By Maddie Stone
It was a hot July day in Hoedspruit, South Africa, when wildlife veterinarian Peter Rogers got the call: A band of poachers had just shot a rhino in the head. But it hadn’t died yet—the injured, terrified creature had been running for miles. By the time Rogers and his crew caught up with the rhino, it has collapsed from sheer exhaustion. Before additional medical supplies could be brought in, the massive animal had drawn its last, shuddering breath.
Pioneering vets like Rogers hope to avert future tragedies like this one by getting there first, and lopping off rhinos’ horns before the poachers do.
Rogers is among a handful of wildlife vets—less than a dozen in South Africa—whose work places him at the front lines of the rhino-poaching crisis. And phone calls about poaching incidents are nearly a daily occurrence.
“Getting to help a rhino is the exception,” Rogers said. “Most often we just find them dead, with half their face hacked off. The poachers are completely barbaric.”
The last few years have seen the worst rash of rhino poaching in recent history, thanks to an upsurge in demand amongst wealthy Vietnamese and Chinese buyers, who use the horns for pseudo-medicinal purposes and as status symbols. South Africa, home to nearly eighty percent of Africa’s 25,000 remaining rhinos, has been particularly hard-hit. As the situation grows desperate, vets like Rogers have begun implementing what may seem like a radical solution: dehorning rhinos to deter poachers.
Their ideas have seen some influence: The Namibian government just officially endorsed this strategy. But South African vets—who tend to the largest population of rhinos on the planet—have to rely on the cooperation of smaller, better policed private parks to see the strategy put into action.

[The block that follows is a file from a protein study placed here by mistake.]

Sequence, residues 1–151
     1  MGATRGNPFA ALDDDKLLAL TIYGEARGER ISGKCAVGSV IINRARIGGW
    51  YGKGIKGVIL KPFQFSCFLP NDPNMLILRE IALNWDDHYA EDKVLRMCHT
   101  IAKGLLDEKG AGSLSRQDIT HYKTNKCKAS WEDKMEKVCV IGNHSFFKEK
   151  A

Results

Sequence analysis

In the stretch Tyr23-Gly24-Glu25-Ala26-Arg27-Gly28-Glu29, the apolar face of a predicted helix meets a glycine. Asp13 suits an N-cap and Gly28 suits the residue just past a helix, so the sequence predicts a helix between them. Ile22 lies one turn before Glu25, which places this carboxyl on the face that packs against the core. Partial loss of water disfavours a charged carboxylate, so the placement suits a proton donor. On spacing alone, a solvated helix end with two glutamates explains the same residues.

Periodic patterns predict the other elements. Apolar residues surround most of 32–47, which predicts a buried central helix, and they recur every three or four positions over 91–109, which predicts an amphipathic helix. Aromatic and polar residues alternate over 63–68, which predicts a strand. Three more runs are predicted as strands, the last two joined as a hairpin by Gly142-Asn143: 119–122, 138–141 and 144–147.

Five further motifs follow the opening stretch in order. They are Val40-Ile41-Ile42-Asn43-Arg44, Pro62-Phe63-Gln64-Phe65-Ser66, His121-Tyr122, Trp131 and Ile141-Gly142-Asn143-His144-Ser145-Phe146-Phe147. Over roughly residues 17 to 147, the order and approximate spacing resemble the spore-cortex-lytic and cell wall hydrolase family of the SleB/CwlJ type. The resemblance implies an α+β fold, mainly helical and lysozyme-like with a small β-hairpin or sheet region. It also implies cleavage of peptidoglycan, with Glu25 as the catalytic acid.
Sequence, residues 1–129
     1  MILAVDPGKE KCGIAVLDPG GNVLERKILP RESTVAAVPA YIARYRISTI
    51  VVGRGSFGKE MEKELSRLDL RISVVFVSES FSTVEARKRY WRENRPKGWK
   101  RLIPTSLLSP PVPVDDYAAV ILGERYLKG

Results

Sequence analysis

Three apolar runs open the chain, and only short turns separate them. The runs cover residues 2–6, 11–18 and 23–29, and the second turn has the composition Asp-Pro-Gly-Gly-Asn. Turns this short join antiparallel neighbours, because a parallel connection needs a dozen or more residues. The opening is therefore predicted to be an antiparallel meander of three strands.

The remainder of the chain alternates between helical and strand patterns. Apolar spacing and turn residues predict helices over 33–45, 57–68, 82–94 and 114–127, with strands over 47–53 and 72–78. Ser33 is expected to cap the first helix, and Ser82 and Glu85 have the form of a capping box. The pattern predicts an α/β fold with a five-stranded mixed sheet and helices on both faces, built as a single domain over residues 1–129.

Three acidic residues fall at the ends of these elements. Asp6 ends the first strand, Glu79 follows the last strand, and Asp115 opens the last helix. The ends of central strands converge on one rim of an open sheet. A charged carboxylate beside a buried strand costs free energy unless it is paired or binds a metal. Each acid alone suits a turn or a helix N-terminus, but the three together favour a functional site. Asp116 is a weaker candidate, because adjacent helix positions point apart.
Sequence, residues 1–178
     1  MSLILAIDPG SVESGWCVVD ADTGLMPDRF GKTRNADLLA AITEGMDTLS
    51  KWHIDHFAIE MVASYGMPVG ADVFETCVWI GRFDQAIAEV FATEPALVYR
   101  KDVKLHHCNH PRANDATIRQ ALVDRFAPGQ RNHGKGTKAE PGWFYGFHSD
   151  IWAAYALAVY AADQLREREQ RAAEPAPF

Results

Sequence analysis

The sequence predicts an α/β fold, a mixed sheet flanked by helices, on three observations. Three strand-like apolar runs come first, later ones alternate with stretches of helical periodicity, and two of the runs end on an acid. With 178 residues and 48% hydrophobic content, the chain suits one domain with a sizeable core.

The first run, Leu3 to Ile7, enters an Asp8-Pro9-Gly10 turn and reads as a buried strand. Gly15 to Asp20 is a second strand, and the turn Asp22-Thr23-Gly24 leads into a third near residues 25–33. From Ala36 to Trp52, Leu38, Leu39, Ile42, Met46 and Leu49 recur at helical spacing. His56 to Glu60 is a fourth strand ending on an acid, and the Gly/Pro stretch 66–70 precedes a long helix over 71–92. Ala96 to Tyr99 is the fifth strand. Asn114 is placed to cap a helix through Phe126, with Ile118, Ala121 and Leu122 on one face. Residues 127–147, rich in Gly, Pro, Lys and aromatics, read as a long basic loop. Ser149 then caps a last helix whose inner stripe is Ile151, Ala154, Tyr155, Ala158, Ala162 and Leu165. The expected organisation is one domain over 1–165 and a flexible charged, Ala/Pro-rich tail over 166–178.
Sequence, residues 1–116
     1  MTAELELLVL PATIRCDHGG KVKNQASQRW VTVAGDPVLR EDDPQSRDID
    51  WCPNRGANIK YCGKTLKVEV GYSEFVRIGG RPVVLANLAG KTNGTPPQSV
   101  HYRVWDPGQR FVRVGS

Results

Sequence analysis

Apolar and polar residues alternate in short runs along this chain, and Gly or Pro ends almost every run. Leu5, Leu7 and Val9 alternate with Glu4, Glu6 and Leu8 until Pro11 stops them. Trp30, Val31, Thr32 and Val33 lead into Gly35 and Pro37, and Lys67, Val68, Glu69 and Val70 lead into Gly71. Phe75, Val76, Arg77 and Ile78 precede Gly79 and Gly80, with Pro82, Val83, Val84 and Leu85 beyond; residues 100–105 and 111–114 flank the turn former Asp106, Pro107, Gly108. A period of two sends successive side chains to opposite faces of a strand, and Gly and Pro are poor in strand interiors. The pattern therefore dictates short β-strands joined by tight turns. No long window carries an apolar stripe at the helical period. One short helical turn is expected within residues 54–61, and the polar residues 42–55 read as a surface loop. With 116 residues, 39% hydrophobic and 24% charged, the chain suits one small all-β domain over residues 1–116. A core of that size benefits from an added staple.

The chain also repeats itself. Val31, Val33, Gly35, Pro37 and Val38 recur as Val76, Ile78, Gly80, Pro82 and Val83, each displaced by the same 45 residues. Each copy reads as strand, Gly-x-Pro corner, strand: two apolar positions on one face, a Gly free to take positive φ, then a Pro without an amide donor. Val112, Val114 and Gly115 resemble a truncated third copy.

For private game wardens, at least, there are incentives to support dehorning. Eco-tourism is one of South Africa’s largest industries and dead rhinos don’t exactly make for happy vacation memories. On the other hand, some international tourists will pay top dollar to witness a dehorning.
“It’s a big money-maker,” said Max Emanuel, a veterinary student at the University of Pennsylvania who spent this summer volunteering in Rogers’s wildlife clinic. “A safari is one thing, but catching a rhino dehorning is a whole new experience for most people.”
Rogers began his career doing rhino capture and re-location work in the late 80s. He’s now putting his unique skills to work performing an operation that is best likened to a scene right out of out of Jurassic Park.
It goes something like this: Vet and game warden get into a helicopter, spot a rhino, and shoot it with a dart filled with a powerful opiod.
“The rest of us are in pursuit on the ground. All of a sudden, this dazed rhino bursts out of the brush, wobbles along for a few minutes and collapses, ” Emanuel said, explaining a real-life incident.
Then it’s a race against the clock. The downed rhino is roped to a tree, and its respiratory rate is carefully monitored while a medical team takes hair and blood samples. Finally, somebody swoops in with a chainsaw and hacks off the rhino’s horn roughly 8 centimeters above the base—a safe distance that avoids cutting into the rhino’s sinuses.
Reviving a rhino post-op is the riskiest part of the whole business. Following a healthy dose of naltrexone—chemically similar to the drug used to treat heroin overdoses—the two-ton beast goes from comatose to wide-awake and panicky.
“That’s when we all make for the SUVs as fast as possible,” said Emanuel.
Dehorning may be a deterrent, but the process is dangerous, laborious and contingent on the support of wardens. While Emanuel helped Rogers dehorn nearly forty animals this summer, rhino horns—made of the same stuff as our fingernails—grow back, and the operation needs to be repeated every few years. More....